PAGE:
It’s been a week of work, getting
through the pile on the desk, but there really is only one story
on everyone’s lips – and newspapers – this week. MPs expenses.
Public politics is at bay while we wait for London to sort
itself out. We carry on, we keep working, but politics is being
sullied by the greed, the unthinking, grasping “every penny is
mine” greed of some MPs.
There is a constant stream of
revelations of ‘expenses stories’ ranging from what appears to
be standard practice claiming for various things up to what
amounts to fraud. It’s quite clear that the Westminster
allowances system could most charitably be described as ‘over
generous’ but, even so, there are Members of that Parliament who
appear to think that it is their right to take more than even
that system offers.
There are those who want to clean
the moat at their family home (Conservative); those who continue
to claim mortgage payments for a year and a half after the
mortgage was closed (Labour); there were claims for repairs on
the ‘constituency home’ and for phone calls to Colombia and
Vietnam (Lib Dem leader); and a claim for an overly expensive TV
(SNP). A Labour MP claimed thousands of pounds to treat dry rot
in a house in Southampton in spite of her constituency being in
Luton; a Tory MP repaired a leaking pipe under his tennis court
at our expense; a Lib Dem was renting out part of the house he
was claiming as a second home; and Alex Salmond spent a bit of
money on food.
We’ve seen Labour MPs claiming
thousands of pounds for legal fees for buying property; Tory MPs
claiming thousands of pounds in moving costs; and a Lib Dem MP
claiming back a fine for not paying Council Tax. A Lib Dem MP
spent thousands of pounds on furniture for her London flat, Ming
Campbell claimed nearly £10,000 to renovate a flat he rents, and
another Lib Dem MP appears to be claiming for a flat his
daughter lives in. The Lib Dem’s Chief Executive, Lord Rennard,
appears to have been fiddling the expenses system to pay around
£41,000 for his family home in London by claiming that his
holiday home in Sussex is his main home.
One Tory has at least had the
decency to resign his position as parliamentary private aide to
his leader as a result of his strange arrangement becoming
public – he claimed a second home allowance on a London home
while his wife (also an MP) claimed the allowance on their
family home. Other Tories have claimed thousands for
housekeepers and gardeners.
Surely, though, the real scandal
concerns the Labour Ministers who have been dishonest? Alistair
Darling – the man supposedly in charge of the UK’s finances –
switching his ‘main home’ designation between his Edinburgh home
and his London homes four times in four years so he could claim
money for both. Surely he knew which house was his main home so
any switching was done merely to increase the amount of money he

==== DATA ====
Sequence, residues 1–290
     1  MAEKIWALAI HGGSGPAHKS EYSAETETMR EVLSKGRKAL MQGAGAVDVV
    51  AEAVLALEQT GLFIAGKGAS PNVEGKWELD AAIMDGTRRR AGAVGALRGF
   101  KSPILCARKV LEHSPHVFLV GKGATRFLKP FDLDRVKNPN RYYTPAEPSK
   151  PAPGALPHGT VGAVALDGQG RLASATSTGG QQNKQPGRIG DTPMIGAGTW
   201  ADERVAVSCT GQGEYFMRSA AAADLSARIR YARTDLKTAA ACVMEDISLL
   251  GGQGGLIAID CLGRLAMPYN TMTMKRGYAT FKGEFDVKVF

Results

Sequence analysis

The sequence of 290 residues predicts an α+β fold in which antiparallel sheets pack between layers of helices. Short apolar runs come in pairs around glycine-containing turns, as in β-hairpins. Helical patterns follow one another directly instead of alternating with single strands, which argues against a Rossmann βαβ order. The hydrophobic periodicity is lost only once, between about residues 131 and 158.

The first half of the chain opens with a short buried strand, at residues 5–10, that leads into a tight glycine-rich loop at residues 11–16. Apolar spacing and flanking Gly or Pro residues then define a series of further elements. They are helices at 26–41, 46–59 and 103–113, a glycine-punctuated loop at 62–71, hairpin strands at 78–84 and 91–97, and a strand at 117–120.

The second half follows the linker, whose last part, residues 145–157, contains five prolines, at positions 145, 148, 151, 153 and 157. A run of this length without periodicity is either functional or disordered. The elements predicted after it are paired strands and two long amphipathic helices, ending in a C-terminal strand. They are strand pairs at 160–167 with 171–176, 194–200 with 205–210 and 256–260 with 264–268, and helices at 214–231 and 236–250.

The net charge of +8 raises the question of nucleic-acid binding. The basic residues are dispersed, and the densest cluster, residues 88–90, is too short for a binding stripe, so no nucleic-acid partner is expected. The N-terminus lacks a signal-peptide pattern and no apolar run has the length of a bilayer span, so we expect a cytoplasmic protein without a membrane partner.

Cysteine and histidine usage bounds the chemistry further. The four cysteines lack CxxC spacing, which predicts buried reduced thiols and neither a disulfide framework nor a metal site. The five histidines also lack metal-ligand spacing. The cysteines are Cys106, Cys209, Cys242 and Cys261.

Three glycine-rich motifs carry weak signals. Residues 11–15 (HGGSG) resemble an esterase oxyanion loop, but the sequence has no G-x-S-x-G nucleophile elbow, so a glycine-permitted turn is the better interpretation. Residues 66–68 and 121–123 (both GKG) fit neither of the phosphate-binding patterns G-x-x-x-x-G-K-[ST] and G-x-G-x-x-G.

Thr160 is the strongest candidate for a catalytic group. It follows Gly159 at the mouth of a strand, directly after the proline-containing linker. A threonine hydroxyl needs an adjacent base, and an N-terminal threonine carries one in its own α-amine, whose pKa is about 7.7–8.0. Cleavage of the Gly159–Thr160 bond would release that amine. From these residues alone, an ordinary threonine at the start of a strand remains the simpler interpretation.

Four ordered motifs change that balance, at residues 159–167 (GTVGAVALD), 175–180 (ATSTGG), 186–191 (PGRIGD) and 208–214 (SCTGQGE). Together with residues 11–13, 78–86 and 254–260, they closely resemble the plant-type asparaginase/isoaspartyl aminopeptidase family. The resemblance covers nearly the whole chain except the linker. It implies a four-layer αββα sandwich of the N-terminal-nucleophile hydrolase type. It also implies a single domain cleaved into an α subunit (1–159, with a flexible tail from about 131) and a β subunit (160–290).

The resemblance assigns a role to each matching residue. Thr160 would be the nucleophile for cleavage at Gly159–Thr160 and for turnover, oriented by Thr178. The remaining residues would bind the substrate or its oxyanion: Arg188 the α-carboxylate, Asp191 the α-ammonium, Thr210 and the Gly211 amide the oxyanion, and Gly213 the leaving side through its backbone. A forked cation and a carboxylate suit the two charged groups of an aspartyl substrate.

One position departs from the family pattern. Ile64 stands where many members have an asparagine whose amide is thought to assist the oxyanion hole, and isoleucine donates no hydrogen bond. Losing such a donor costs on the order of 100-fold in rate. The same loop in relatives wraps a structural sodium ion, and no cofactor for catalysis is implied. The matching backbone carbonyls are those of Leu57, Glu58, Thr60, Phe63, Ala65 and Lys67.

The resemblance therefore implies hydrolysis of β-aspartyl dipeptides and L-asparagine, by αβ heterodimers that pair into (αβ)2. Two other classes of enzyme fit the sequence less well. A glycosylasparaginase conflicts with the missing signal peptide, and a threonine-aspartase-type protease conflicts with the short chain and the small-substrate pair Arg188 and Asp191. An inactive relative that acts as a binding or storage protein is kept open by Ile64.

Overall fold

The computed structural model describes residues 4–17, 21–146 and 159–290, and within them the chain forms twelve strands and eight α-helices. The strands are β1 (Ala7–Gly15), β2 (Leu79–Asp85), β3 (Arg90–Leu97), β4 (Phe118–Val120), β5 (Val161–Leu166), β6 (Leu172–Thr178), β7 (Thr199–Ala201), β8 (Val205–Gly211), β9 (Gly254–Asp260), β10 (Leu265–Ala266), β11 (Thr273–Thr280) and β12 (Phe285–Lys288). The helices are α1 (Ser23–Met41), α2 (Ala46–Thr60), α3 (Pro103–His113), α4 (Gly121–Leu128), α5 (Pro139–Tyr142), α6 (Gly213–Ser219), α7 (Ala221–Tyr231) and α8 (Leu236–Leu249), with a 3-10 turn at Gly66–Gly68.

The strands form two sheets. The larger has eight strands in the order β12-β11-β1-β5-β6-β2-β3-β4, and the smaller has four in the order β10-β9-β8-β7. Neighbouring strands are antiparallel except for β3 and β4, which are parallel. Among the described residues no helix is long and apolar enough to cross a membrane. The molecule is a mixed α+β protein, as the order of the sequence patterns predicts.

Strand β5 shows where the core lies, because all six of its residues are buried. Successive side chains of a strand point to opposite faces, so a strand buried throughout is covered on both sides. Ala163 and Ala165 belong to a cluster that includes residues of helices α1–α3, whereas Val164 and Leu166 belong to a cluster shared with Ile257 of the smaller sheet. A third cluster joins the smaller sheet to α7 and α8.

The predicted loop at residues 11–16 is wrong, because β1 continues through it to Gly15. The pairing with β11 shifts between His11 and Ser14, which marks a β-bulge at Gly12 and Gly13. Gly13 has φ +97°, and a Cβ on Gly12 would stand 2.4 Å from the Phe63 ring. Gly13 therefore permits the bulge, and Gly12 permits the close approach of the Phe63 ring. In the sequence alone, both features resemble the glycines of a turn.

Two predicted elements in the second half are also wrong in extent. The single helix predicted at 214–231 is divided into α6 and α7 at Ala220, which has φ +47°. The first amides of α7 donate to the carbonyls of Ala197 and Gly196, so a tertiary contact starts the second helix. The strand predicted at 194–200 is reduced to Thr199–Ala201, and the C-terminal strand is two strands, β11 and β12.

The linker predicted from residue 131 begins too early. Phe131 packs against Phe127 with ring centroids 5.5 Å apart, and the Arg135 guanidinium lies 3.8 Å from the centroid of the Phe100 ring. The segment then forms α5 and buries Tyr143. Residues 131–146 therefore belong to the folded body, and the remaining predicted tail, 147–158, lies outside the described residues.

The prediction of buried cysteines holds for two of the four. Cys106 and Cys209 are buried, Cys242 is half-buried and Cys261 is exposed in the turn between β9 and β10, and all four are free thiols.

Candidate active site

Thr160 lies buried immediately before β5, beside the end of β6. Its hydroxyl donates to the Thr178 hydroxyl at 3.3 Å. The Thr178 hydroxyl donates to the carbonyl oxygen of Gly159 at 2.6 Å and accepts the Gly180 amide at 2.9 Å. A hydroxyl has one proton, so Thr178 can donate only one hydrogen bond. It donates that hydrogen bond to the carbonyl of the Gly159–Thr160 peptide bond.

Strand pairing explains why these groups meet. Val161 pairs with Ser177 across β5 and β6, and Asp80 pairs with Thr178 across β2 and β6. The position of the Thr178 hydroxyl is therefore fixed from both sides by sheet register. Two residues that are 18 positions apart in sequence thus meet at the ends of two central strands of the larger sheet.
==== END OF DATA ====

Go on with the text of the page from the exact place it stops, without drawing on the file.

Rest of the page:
could claim? At one time he was renting a bedroom in a London
flat from another Labour member and claiming it as his main
residence while the house his family was living in was classed
as his second home. When he bought himself a London flat, we
paid for all the furnishings, the carpets, the stamp duty, the
legal fees and the mortgage interest. After he was made
Chancellor he moved into free accommodation in Downing Street –
paid for by us – and rented out the London flat. He then
claimed his Edinburgh home as his second home to claim £1,200 a
month in mortgage and Council Tax payments.
This is the man we are supposed to
trust with the UK’s finances.
Then there’s Gordon Brown – a London
flat we paid for, with renovations like a £9,000 kitchen where
the cost was spread over two years so we paid for all of it,
including decorating it. When he moved into Downing Street he
put that flat in his wife’s name and changed his ‘second home’
to his family home in Fife, charging us for plumbers, gardeners,
and cleaners and getting upset when the Commons refused to pay
for window blinds for his children’s bedrooms.
The Prime Minister – the man we are
supposed to trust with the running of the UK.
It’s a horrible mess, a stinking,
rotten mess, hidden from sight for decades, a festering sore on
the body politic, it’s a shameful indictment of the ‘me too’
greed which has infected so much of Westminster politics and it
In the meantime, while everyone’s
attention has been on that, unemployment figures came out which
showed the highest rise in 17 years; another dawn raid took
place in Scotland just a week after the deal to end them came
into force; it’s been revealed that frontline troops in
Afghanistan aren’t getting the equipment they need; the
Curriculum for Excellence is getting out to teachers; Scotland
has coped well with the Swine Flu problems; there’s another
44,000 young people becoming eligible for free school meals in
Scotland; we’re tackling Scotland’s alcohol problem; we’re
sorting out rogue property managers; Fiona Hyslop made a deal
with the European Education Council to support the 2020
benchmarks; high-tech businesses are getting grants from the
Scottish Government to continue development; grants have been
given for 8,100 affordable homes; health boards got £30 million
for new equipment; Richard Lochhead convened the Food Summit;
5,000 Scottish businesses benefited from a fee waiver by SEPA
after an intervention by the Scottish Government; whisky exports
increased to more than £3 billion; tuition fees for Scottish
students on exchange visits were scrapped; the money reclaimed
from criminals and invested in community projects under Kenny
MacAskill’s Cashback for Communities scheme broke through £22
million; we produced the strongest climate change legislation in
the world; and the membership of the independent Bull Hire
Review Group was announced.
How much of that did you notice?
The sooner London cleans up the
stinking mess of its expenses system and lets us get back to
normal politics the better for all of us.